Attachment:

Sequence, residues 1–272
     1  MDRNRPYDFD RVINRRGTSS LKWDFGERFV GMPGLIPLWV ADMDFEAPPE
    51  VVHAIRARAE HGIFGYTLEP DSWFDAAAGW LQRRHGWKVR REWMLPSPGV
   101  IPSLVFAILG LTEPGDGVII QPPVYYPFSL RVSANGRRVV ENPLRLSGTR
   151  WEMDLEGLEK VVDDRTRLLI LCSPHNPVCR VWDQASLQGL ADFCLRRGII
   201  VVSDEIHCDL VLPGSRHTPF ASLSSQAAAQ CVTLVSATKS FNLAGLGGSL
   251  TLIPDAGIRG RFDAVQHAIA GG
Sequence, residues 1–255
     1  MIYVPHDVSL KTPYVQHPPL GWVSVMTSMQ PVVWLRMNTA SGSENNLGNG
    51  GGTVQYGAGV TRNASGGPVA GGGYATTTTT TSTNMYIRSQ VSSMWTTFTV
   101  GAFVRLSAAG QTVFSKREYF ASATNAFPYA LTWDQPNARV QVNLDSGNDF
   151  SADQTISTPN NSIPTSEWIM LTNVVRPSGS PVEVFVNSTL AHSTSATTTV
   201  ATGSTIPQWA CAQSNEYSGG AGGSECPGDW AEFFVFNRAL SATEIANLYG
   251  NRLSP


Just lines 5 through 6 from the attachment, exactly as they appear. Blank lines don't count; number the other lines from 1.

   151  WEMDLEGLEK VVDDRTRLLI LCSPHNPVCR VWDQASLQGL ADFCLRRGII
   201  VVSDEIHCDL VLPGSRHTPF ASLSSQAAAQ CVTLVSATKS FNLAGLGGSL